When it re-opens, South Crofty becomes the only functioning tin mine in Europe (excluding Russia). or North America. However, the revival will require more time and investment. Three hundred meters underground, the company has to overlook and drain hundreds of miles of tunnels.
In addition, hundreds of people have to be recruited to work in the underground, which could be a difficult task in an area where many people live have moved to office jobs and jobs in the service and tourism industries. However, Cornwall continues to educate mining engineers and geology experts at the Camborne School of Mines Penryn.
"There are many ex-graduates who came from Camborne who were actually trained in South Crofty and now practice their craft around the world," Williams said. "But many of them still live in Cornwall, and I'm sure many of them would like to return and work at South Crofty instead of traveling internationally."
"It would be great to see [a revival]," said Mark Camp, spokesman for Visit Cornwall and tour guide for historic mining in Cornwall. "Cornwall now relies on tourism for much of its income, so it would be great to see how mining returns."
Strongbow exploration, which also explores the potential for lithium mining in Cornwall, said the mine will provide 275 jobs in create the region. The decline in the British pound since the Brexit referendum in 2016 means that Cornish minerals can compete again on world markets .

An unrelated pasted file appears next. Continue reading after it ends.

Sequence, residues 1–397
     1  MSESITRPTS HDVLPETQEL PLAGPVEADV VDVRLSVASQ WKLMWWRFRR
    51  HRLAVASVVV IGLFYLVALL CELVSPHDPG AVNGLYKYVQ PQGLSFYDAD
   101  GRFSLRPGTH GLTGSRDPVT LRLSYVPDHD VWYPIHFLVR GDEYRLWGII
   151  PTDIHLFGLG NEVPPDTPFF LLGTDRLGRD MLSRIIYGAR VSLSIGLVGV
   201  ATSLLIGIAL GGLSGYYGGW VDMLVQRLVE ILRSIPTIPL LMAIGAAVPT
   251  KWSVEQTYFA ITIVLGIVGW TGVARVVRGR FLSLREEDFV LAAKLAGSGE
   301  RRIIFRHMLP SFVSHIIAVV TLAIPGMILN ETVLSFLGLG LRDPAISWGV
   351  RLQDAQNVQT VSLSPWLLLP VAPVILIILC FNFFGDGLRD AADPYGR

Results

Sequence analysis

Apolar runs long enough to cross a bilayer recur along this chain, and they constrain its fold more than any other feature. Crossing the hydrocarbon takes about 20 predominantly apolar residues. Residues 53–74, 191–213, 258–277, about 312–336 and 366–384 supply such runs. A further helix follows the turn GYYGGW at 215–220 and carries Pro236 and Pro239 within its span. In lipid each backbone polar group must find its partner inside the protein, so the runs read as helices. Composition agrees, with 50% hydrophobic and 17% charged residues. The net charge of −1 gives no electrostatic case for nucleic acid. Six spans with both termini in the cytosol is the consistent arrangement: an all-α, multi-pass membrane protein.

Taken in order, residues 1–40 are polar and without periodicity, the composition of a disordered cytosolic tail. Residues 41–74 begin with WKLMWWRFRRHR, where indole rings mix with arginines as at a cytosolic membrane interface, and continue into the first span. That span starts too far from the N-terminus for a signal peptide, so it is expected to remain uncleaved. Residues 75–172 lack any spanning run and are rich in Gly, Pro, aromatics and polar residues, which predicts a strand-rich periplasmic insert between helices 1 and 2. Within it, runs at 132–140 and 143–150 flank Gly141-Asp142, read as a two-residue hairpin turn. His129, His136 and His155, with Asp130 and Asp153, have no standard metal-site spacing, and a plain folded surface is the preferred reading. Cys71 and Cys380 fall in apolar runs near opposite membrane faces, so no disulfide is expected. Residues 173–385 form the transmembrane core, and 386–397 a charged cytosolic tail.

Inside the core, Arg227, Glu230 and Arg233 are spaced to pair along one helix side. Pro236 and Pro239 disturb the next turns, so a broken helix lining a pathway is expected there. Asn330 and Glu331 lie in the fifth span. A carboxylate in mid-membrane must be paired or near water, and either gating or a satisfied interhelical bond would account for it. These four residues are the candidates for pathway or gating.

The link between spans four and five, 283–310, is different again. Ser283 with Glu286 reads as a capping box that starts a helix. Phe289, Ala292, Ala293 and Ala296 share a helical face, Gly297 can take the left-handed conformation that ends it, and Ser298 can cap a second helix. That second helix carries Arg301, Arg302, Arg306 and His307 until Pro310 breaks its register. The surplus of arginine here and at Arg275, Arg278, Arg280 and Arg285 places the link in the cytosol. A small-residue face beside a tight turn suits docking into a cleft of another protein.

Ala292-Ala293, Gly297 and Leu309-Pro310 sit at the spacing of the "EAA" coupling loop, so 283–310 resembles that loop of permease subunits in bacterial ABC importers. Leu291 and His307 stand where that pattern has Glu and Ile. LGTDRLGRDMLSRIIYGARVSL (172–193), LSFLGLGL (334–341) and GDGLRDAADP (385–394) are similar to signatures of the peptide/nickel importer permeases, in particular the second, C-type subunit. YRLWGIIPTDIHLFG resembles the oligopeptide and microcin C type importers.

"In our eyes, this is Brexit proof," Williams said. "One of the points that we make to the Cornwall Council, and especially the United Kingdom, is that you can not move a tin deposit."
Although tin mining is not returning to Cornwall on a large scale, tourism, inspired by the county's industrial past, is expected to further boost the economy. Approximately 4.5 million visitors flock to the peninsula every year, and the number of visitors to historic mines is increasing, thanks also to the BBC drama Poldark and the designation of the pewter coast as a UNESCO World Heritage Site in 2006.
Families that have operated for decades from the mining industry Can swung into tourism.
Mark Wills, owner of Blue Hills Tin, a mining and tin jewelry store visitor center, said his father was the last of four generations to work underground.
"When the [tin] price fell in the late 1980s, wholesale sales were no longer profitable, so we gradually renovated some old machines on site and started to sell them ourselves," he said ,
Today, Blue Hills Tin attracts visitors from around the world who are interested in the history of 4000-year-old tin production.
"It really stimulates the imagination," Wills said. "Whether people are only interested in the architecture of the buildings or in the physical processes that the mineral has to go through."
Strongbow's research suggests that South Crofty has some of the highest grade cinders in the world. Cornwall's imprisonment with tin could not just be a thing of the past.